Disclaimer: Luxury & Precision sent me the L5Pro free of charge for the purpose of this review. A limited number of other reviewers worldwide were selected to review this new DAP. Several of the pictures were taken from Head-fi and the company’s website, except the ones with the HFN mark.
Who is Luxury&Precision?
Luxury & Precision is a Chinese company that is led by the designer who previously worked at Colorfly and designed C4 & CK4. I had the opportunity to listen to the unique Colorfly C4 during Canjam 2014 and it was better than I expected it to be. The C4 for me was also one of the first wood using DAPs and it impressed me enough to remember how it sounded. The L5Pro isn’t the first DAP L&P have put on the market and this model actually is a subsequent product from the L5 and LP5. The differences between the L5 and the L5Pro are discussed in detail on Head-Fi by John, just copy-pasting them here wouldn’t be fair so do check out the Head-fi thread should you wonder about this.
Honestly I didn’t know of this Chinese company until Paul informed me of this new DAP. Paul got me introduced to John and in the end I was selected as a reviewer. John is very active on Head-fi and he’s kind of our contact person and middleman for everything L5pro related. He’s a nice guy and he’s the one giving L&P our feedback on the firmware and such.
There’s not a lot to be found on the company itself unless you speak Chinese. I don’t. The L&P website is also well, not in English.
Digital Audio Players.
The audio, and then more specifically the DAP (Digital Audio Player) market, is out of control. Established and new companies are putting new DAPs on the market every day it seems and it is extremely hard to keep track of what’s happening. Everyone wants a piece of the pie and DAPs can be found in all forms, sizes and in all price ranges. With the increasing number of DAPs out there it is hard to get noticed and so your DAP has to be special. Native DSD playback and a fancy design alone don’t cut it anymore. If you compare DAPs from 5 years ago to current DAPs you’ll see there’s a huge difference in their sound and build quality. Back then a lot of people were still using iPods (like me) combined with a DAC/AMP combo like Cypherlabs’ double stack.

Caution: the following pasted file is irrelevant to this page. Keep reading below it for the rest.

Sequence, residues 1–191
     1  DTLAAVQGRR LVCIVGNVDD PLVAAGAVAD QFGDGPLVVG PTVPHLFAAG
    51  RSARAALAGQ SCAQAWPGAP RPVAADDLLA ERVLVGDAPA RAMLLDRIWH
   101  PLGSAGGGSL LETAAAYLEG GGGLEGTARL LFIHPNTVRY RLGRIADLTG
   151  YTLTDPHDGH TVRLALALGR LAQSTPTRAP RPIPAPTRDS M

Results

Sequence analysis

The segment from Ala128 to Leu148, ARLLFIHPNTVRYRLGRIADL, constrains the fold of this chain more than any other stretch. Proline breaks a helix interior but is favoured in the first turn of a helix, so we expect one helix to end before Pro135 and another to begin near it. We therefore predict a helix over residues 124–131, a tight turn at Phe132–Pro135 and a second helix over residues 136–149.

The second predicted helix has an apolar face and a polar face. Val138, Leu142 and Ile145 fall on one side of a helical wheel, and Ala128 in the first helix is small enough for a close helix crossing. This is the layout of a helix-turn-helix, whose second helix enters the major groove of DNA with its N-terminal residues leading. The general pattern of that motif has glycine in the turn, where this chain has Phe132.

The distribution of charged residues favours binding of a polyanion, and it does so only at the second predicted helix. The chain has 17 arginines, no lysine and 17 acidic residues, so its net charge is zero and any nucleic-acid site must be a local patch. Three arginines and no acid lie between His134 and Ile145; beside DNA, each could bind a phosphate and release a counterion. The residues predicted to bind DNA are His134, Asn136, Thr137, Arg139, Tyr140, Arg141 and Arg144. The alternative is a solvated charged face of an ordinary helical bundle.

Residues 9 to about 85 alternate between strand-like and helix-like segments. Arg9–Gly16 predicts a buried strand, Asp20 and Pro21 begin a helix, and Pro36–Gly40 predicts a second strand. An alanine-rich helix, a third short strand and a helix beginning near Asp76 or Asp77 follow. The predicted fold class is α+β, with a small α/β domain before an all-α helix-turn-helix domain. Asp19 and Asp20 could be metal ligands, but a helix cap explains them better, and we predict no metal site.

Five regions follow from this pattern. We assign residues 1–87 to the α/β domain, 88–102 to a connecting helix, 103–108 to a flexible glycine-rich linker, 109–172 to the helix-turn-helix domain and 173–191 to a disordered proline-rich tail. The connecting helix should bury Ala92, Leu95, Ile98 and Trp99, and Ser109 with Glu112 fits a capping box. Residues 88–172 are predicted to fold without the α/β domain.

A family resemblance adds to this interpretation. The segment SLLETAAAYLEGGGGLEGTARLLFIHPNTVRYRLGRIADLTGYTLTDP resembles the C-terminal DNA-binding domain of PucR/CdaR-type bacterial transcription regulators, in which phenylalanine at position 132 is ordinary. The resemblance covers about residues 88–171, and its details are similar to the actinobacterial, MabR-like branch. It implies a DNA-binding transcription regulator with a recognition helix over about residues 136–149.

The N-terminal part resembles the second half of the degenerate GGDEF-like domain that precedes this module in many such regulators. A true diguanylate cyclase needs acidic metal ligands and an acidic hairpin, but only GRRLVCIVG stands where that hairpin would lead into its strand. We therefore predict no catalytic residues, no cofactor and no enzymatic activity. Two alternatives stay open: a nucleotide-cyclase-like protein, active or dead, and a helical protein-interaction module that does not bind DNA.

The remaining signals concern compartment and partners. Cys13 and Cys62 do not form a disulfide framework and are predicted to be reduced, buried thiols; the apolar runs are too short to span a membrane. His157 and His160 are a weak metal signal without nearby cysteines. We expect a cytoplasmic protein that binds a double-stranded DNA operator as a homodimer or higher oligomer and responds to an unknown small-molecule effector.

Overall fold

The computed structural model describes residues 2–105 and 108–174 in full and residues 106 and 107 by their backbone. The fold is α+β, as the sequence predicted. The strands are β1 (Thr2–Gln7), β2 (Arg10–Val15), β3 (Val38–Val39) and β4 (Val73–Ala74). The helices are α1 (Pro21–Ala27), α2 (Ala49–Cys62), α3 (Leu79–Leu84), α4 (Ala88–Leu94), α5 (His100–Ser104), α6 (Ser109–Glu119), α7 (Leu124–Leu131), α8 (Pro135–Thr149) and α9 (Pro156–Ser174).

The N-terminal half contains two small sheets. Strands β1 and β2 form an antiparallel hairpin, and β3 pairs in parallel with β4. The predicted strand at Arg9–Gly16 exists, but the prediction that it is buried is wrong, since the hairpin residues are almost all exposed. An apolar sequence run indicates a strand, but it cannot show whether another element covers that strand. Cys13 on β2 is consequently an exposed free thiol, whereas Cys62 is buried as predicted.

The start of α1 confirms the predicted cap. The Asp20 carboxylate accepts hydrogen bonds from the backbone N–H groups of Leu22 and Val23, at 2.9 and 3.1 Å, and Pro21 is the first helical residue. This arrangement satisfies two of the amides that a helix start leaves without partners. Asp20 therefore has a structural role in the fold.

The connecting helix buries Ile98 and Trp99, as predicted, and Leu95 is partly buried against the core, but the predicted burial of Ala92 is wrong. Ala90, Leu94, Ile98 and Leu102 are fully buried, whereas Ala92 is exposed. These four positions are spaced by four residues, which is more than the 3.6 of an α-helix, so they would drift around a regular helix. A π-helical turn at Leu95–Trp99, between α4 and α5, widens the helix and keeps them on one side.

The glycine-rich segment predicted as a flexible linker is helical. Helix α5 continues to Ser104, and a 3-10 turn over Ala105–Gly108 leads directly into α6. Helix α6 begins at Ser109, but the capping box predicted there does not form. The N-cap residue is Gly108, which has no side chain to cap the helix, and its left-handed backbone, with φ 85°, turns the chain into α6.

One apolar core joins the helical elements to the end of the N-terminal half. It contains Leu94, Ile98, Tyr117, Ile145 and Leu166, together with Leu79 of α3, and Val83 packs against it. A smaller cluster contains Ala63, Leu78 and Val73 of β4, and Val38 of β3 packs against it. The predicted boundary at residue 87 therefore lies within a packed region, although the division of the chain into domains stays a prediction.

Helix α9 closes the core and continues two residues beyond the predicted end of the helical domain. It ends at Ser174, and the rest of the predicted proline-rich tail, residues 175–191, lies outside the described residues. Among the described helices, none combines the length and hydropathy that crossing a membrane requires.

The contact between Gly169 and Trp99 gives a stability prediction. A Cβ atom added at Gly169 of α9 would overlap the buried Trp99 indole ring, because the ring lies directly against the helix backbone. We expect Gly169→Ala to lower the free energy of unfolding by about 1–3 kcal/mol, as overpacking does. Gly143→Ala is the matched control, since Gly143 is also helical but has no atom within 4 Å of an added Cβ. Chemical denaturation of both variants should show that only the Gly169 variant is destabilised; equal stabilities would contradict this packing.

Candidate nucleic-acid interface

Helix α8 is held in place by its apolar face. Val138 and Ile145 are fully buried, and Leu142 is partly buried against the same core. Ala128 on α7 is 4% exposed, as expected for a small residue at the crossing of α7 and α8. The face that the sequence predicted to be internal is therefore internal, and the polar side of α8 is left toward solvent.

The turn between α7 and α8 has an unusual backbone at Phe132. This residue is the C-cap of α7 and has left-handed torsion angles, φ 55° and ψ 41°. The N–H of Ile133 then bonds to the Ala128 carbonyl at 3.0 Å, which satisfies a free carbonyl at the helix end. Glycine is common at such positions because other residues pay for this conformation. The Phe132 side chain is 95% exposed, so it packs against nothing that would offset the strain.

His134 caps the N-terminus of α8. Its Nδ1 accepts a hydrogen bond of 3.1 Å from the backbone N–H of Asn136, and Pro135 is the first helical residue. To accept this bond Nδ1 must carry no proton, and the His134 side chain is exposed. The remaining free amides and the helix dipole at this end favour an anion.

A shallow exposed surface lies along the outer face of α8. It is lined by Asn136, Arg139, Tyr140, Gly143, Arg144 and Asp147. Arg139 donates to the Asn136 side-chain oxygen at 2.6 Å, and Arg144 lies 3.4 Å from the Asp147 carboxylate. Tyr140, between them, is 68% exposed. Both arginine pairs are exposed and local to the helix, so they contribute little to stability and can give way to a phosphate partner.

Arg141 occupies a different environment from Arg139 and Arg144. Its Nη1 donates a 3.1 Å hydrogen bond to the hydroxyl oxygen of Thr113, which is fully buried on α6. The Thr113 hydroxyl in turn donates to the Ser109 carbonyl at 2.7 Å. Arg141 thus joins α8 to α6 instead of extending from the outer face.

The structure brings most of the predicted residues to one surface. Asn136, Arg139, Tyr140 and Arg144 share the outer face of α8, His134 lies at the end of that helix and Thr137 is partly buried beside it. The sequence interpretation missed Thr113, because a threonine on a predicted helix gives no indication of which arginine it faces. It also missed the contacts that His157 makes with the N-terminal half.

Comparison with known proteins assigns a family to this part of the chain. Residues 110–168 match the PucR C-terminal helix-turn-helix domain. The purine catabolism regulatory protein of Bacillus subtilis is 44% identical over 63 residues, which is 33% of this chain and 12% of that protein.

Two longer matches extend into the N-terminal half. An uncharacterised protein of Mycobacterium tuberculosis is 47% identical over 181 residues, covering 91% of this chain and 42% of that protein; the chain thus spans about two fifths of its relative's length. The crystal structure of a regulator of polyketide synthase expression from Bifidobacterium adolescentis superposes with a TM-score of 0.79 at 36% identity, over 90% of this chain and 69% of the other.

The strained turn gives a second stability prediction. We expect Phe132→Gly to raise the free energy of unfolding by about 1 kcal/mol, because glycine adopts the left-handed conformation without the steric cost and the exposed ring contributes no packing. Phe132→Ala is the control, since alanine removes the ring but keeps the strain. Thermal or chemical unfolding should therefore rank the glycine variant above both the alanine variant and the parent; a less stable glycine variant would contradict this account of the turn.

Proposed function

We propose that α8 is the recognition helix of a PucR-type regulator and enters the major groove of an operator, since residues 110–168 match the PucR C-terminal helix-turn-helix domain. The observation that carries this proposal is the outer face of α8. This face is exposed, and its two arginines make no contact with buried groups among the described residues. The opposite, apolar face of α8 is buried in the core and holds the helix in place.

Everyone used to talk about portable amps but nowadays people talk DAPs and everyone seems to have gotten bored of carrying a double or triple stack on the go. DAPs nowadays have to do it all: they need to have enough power to drive up to 14 BA driver monitors and orthodynamics like the Audeze LCD and the Hifiman HE-series. Every DAP needs to have a few GB of internal and external storage and it needs to be expendable, preferably with a (micro)SD card, or two. Each DAP needs to be easy to use and of course it needs to sound incredibly good with everything you throw at it.
DAPs are out there for everyone and you can find high resolution players in all price ranges from 50$ to over $3000USD, there’s no limit. New, better and improved are keywords and we haven’t seen the end yet.
L&P’s L5PRO costs just over $800 USD which puts it in-between the mid-fi and high-fi players. But don’t be fooled, the L5Pro clearly wants to play with the big boys.
With a company name like “Precision & Detail” you kind of make people expect a lot. I did exactly that and L&P delivered. The first time you look at the pictures of the L5Pro they immediately remind you of the Astell&Kern players. And it just might even look better. Stunning DAP, very photogenic.
While Nathan clearly isn’t the biggest fan of how the AK players look, I kind of like them. They just scream quality and that’s exactly how the L5Pro makes me feel as well. The L5Pro is made out of superb materials (aluminum-magnesium alloy, CNC integrated molding process, anodized surface and sand blasting), has a unique design and uses top quality components. It’s almost as good as the AKs, if not just as good. Of course you love or hate the design but I personally think it’s quite unique. On top of that it’s incredibly easy to use but more on that later.
I usually don’t care much about the box a unit comes in but I have to admit that the double box the L5Pro came in is extremely nice (design & materials). The L5Pro isn’t the smallest of players and measures about 123mm x 63mm x 17mm which makes it just small enough to put in the back pocket of your pants or inside your jacket. The L5Pro’s aluminum-magnesium body is so fine and its design is very attractive. When you turn around the player you see the gorgeous rosewood back of the L5Pro (like the real LCD wood) and yes, you immediately fall in love. The wood just looks qualitative and classy and has the logo and the company name engraved in it. The L5pro comes with a fine, luxurious soft leather case in which the player fits tightly. I think all (high-end) players should come with a leather case (are you reading Fiio?) but at the same time the leather case hides how pretty the aluminum body and wooden back look. You can’t have everything I guess. Nathan might complain the L5Pro has a couple of sharp edges but when it’s inside its leather case this is only noticeable on the very top.
It goes on after the click